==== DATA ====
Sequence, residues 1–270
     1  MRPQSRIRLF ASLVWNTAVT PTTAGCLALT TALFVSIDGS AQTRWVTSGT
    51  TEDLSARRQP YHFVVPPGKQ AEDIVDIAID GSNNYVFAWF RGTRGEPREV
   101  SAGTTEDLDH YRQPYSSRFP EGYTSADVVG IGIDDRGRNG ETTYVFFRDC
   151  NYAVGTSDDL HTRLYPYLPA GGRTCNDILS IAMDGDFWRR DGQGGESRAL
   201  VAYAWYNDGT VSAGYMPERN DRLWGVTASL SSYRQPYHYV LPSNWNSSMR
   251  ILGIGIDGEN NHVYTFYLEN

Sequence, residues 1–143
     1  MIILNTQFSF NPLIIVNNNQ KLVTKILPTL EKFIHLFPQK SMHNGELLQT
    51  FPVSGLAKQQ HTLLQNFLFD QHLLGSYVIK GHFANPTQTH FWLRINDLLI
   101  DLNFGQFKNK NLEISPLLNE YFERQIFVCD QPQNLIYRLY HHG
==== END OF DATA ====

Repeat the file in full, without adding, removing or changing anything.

Sequence, residues 1–270
     1  MRPQSRIRLF ASLVWNTAVT PTTAGCLALT TALFVSIDGS AQTRWVTSGT
    51  TEDLSARRQP YHFVVPPGKQ AEDIVDIAID GSNNYVFAWF RGTRGEPREV
   101  SAGTTEDLDH YRQPYSSRFP EGYTSADVVG IGIDDRGRNG ETTYVFFRDC
   151  NYAVGTSDDL HTRLYPYLPA GGRTCNDILS IAMDGDFWRR DGQGGESRAL
   201  VAYAWYNDGT VSAGYMPERN DRLWGVTASL SSYRQPYHYV LPSNWNSSMR
   251  ILGIGIDGEN NHVYTFYLEN

Sequence, residues 1–143
     1  MIILNTQFSF NPLIIVNNNQ KLVTKILPTL EKFIHLFPQK SMHNGELLQT
    51  FPVSGLAKQQ HTLLQNFLFD QHLLGSYVIK GHFANPTQTH FWLRINDLLI
   101  DLNFGQFKNK NLEISPLLNE YFERQIFVCD QPQNLIYRLY HHG